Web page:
This ten minute play has haunted me more and more over the years. Everything that is essential about life seems to be in that ‘worn volume.’ Love and lost love. Someone that meant so much and their disappearance. And another presence, a soulful being that need not be human-maybe it is nature, merging with one’s being. It arrives and brings comfort, for a time. ‘Profounds of mind’ becoming ‘mindlessness.’ I wanted to stay with the mysteries of the play for a while, but soon I was tempted to go to Wikipedia. And the article on Ohio Impromptu is a generous one, but under the heading ‘Biographical Insights’ I found something disturbing. A biographer of Beckett had questioned him on this work and Beckett answered (a very rare thing for the Irishman to do). The biographer asked about ‘the dear face’ and posited it was Beckett’s wife Suzanne, to which Beckett concurred.

I admit a fetish for author interviews and I think they serve our world today, but there will never be comments from Chaucer or Shakespeare and that only adds to the work. In interviews I have asked authors where a particular work came from, but for Beckett to have provided the answer made me cringe. The mountain of critical books about him grows every month. Many interpretations abound. Though academics have always tried to claim him as their own, Beckett cannot be held by them, he is too much of a common man with a love of Buster Keaton and scatological humor. No one can posit their own personal political propaganda on him. They can try, but they will fail, and maybe fail better the next time. (One standout though is Mary A. Doll’s Beckett and Myth. Here is an excerpt, The Demeter Myth in Beckett)

So Beckett owned up to writing about what was most meaningful to him. Don’t we all do that, to some extent? I think we would all want the work to speak for itself. His does, always.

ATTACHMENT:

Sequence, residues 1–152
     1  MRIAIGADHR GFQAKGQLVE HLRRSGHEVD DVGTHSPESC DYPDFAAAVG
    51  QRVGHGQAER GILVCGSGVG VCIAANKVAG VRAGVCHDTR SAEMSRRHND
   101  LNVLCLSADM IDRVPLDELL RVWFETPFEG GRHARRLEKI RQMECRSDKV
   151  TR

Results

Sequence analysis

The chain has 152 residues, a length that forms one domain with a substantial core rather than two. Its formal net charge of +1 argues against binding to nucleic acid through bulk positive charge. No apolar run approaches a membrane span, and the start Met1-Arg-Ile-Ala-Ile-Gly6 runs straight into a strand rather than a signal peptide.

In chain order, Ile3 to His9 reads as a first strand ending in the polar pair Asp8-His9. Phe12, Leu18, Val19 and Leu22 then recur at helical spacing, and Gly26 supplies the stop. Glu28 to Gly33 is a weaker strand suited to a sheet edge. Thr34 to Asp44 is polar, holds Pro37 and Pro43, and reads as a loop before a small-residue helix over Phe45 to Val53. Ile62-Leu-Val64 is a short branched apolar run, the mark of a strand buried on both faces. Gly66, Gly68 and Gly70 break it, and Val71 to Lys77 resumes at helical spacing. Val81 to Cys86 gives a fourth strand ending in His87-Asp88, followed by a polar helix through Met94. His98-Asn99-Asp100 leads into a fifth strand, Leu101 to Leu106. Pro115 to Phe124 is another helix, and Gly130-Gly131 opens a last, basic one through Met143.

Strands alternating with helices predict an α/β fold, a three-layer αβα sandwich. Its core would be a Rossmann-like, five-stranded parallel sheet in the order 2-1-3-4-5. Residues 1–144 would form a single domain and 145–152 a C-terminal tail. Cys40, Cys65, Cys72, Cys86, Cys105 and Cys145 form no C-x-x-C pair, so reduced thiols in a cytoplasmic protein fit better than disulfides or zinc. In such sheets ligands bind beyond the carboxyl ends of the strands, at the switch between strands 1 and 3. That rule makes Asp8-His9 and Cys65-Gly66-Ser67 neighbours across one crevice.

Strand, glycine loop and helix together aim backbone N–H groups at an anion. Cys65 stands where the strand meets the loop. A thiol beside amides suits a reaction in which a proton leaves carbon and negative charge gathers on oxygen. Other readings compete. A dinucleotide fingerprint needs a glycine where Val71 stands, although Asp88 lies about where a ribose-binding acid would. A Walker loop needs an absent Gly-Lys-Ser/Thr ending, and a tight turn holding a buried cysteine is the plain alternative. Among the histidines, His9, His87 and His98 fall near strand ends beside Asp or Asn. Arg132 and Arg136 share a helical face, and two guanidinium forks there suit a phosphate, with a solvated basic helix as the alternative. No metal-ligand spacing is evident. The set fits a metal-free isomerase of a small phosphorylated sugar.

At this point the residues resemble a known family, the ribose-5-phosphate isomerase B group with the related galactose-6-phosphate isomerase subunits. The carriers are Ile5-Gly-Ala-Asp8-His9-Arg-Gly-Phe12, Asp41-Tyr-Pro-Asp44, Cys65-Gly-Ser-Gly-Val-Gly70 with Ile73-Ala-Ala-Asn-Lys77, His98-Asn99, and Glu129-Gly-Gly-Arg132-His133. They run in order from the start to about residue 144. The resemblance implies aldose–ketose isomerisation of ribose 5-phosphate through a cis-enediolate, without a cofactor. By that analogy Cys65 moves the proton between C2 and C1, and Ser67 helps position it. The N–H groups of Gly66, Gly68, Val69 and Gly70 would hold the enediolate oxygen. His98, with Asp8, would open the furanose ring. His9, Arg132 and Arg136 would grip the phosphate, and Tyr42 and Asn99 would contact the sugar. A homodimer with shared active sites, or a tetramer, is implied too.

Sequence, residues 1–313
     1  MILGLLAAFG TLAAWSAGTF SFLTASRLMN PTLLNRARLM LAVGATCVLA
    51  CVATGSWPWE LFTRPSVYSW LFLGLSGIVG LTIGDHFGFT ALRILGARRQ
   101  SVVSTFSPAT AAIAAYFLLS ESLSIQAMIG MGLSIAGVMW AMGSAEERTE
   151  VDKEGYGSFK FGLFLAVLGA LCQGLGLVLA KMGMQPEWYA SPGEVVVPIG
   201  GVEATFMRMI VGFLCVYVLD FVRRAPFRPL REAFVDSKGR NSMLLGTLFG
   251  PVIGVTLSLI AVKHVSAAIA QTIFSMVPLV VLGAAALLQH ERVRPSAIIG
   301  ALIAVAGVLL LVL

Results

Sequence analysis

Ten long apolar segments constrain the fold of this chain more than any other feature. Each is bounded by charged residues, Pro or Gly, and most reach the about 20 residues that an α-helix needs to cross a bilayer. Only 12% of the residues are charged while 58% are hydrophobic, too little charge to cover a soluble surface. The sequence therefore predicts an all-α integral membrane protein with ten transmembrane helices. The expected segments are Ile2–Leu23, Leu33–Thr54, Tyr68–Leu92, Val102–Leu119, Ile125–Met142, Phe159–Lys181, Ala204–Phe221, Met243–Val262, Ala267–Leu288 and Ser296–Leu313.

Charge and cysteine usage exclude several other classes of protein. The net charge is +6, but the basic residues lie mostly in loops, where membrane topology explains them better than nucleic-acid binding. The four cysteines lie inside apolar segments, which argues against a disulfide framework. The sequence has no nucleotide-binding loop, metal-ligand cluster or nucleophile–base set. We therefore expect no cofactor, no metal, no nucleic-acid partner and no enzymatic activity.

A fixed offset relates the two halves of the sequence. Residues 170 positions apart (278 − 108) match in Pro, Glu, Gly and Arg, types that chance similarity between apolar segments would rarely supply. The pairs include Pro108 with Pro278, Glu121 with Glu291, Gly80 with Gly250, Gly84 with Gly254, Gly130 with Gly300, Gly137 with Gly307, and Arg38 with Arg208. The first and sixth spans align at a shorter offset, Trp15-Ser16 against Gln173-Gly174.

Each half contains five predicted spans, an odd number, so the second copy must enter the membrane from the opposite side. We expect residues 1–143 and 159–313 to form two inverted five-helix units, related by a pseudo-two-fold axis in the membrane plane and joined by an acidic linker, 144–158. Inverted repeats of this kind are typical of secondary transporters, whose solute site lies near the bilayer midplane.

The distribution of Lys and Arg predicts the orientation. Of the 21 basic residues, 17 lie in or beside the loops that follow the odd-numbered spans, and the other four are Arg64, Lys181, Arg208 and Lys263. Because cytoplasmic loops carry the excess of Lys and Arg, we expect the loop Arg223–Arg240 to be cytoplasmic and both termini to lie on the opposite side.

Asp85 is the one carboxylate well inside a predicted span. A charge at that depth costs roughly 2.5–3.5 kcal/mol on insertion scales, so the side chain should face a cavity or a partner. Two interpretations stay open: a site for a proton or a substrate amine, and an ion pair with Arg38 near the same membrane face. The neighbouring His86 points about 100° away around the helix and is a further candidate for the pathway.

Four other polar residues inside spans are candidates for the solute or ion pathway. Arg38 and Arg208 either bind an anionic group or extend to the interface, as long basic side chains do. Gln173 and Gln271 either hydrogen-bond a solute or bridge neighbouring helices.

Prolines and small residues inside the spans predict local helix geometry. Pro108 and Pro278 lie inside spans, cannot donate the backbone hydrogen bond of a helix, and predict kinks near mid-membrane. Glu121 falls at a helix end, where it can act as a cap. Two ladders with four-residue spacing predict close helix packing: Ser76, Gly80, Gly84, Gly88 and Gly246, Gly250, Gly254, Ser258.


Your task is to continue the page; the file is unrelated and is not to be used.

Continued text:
Finally, I wanted to showcase Act Without Words II, 1960. Beckett’s love of Buster Keaton and hobos abounds and the BBC fittingly projects this play on a 1920’s type film reel.

6 thoughts on “Samuel Beckett’s Shorter Plays

  1. Thanks for this, Greg. Have you read much of the ‘Stories and Texts For Nothing’?

    What do you make of them? I mean, in terms of despair and/or hope, if that makes sense.

    1. Edward,

      I’ve read more of the 3 stories, The Expelled, The Calmative and The End – they are a nice primer for the Trilogy. My favorite is the End. But it’s been a while.

      The Texts for Nothing are very curious, along with Fizzles 1971?, they are more prose poemy/flash fiction. The Collected Shorter Prose is a good thing to have.

      Stirrings Still, the last thing he is wrote, is amazing. It’s like someone who has already dead was writing from the grave.

      I’ll have to read them again to have a clearer answer.

  2. Greg,

    Re: Ohio Impromptu

    I like how you describe the “presence” that seems to imbue itself in the atmosphere of the little room. You say, “It arrives and brings comfort, for a time.”

    Beckett offers us hope that is incredibly thin, yet real. We are fundamentally alone, he would say, yet even within that aloneness we can discover a way to process our experiences, and find meaning. That this processing is difficult, and specific to each individual, is evidenced by the eccentricity and tenderness with which the Listener and the Reader treat each other.

    …also, Jeremy Irons is great.

    1. Wonderful way to put it Edward.

      Apparently he made many false starts for the Ohio piece, including having a ghost show up at a symposium and talk. Wow.

  3. Great post. I did a sock puppet version of “Catastrophe” (for Vaclav Havel) in graduate school–as a seminar project in “Beckett and Stein”–and also received an “A”.

    Federman’s favorite Beckett, a novella, is the little-read _The Lost Ones_, notable in that it is almost completely devoid of humor.